From the moment it learned that an anonymous prisoner was being held in solitary confinement, the Association for Civil Rights in Israel tried unsuccessfully to get the gag order lifted on what became known as the "Prisoner X" case. On Wednesday, the courts finally lifted a gag order on these efforts, offering another tiny glimpse into the case.

On May 13, 2010, the Ynet website reported that a prisoner was being held in complete isolation at Ayalon Prison; not even his jailers knew his name. Soon afterward, the report disappeared from the site.

On May 16, 2010, ACRI legal adviser Dan Yakir wrote Attorney General Yehuda Weinstein to voice concern: "It goes without saying that a situation in which a prisoner or detainee is held in isolation from the outside world, and certainly for any length of time, is extremely dangerous."

Aside from "the enormous potential for infringing on various human rights," Yakir noted that being held in isolation can cause severe psychotic reactions. According to medical research cited in a 1996 report by the Israel Prison Service and the Public Security Ministry, these include visual and auditory hallucinations, feelings of suffocation, confusion, loss of memory, attention deficits, obsessions and paranoia.

"Secret arrests and trials are unacceptable in a free democratic state," the letter concluded.

"They constitute a real threat to the rule of law and greatly undermine the public's faith in the legal system."

On July 13, 2010, Weinstein's senior aide (and today deputy attorney general ), Ran Nizri, replied that the gag order on the case "is vital to prevent grave damage to state security," but that Weinstein's office was monitoring the situation closely to ensure the prisoner's rights were upheld.

In December 2010, the prisoner - whom foreign reports have named as Ben Zygier - was found dead in his cell. On December 22, ACRI asked Weinstein to reconsider the gag order, so that the public, the media and the Knesset could monitor the subsequent investigation. Two newspapers, Haaretz and Yedioth Ahronoth, filed similar requests.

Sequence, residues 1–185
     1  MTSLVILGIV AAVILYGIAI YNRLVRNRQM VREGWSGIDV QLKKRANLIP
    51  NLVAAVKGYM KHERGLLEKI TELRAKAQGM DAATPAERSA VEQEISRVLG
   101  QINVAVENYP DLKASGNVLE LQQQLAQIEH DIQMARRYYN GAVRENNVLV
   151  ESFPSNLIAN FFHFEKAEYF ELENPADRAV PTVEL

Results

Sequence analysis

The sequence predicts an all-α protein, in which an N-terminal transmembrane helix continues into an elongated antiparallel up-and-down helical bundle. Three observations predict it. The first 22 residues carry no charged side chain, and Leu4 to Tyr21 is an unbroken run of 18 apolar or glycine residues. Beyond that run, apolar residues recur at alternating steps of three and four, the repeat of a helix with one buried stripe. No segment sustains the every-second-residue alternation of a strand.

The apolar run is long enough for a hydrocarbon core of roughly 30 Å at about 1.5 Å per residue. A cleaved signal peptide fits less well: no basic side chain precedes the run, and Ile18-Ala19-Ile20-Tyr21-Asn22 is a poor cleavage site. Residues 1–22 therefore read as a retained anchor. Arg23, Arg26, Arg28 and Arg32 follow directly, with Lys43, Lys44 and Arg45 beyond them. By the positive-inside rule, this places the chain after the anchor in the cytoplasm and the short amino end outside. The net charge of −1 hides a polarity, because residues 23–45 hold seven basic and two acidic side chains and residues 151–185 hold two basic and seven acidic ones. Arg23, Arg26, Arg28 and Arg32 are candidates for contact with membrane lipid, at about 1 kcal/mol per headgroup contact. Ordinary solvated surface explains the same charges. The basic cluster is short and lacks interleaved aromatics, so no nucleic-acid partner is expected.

'Real danger to human life'

In response, Weinstein's office reiterated that both it and the courts were monitoring the case, but "any publication would cause real, concrete harm to state security and real danger to human life."

ACRI and the papers appealed to the courts, but on January 9, 2011, Central District Court President Hila Gerstl upheld the gag order.

"The applicants' lawyers argue that only in rare and exceptional cases is there justification for a sweeping gag order that covers even the very fact of a person's imprisonment," she wrote. "I agree - but this case is the very case for which that statement was meant. ... I have no doubt we're dealing with such a sensitive case that mentioning any detail about it, about its very existence, about the defendant, his conditions of imprisonment or the very fact of his arrest, is liable to cause extremely grave harm to the security of the state and its citizens."

The prisoner's death, she added, doesn't reduce this danger in any way.

On January 20, 2011, ACRI appealed to the Supreme Court. But Justices Dorit Beinisch, Miriam Naor and Edna Arbel, after informing the organization that an investigation of the prisoner's death was underway, advised it to withdraw the appeal. ACRI, despite saying it deemed a secret probe unsatisfactory, agreed to do so.

After the foreign media broke the story last week, ACRI again asked Weinstein to reconsider the gag order. If, as foreign reports claim, Zygier really was a Mossad agent who leaked sensitive information, "then there might be justification for banning publication of the details of the case," it wrote. "Nevertheless, there is a supreme public interest in knowing what conclusions were drawn from the case and what lessons were learned to prevent a recurrence."

In particular, it asked Weinstein to approve publication of details from the inquiry into Zygier's death.

On Wednesday, the courts - with the state's consent - finally did release a few details, including the fact that the state wanted the case closed after investigating Judge Daphna Blatman Kedrai issued her report, but she found evidence of negligence by prison officials and urged the prosecution to consider issuing indictments. Nevertheless, many questions remain: Was Zygier's isolation really necessary? Did he get proper psychiatric care? What kind of pressure was he under from the state?

And above all, had the courts struck a different balance between state security and the prisoner's rights when it issued its sweeping gag order, would this have resulted in Zygier getting better treatment, or perhaps even prevented his suicide?

Like many before it, this case once again shows that when national security is involved, the courts tend to accept the state's position on gag orders unreservedly. That, charged Yakir, is precisely the problem.

"The courts must not serve as rubber stamps for requests by the security agencies," he said. "They must exercise independent judgment, defend the public's right to know and enable minimal public oversight. ... Unfortunately, that isn't how the courts acted in this case."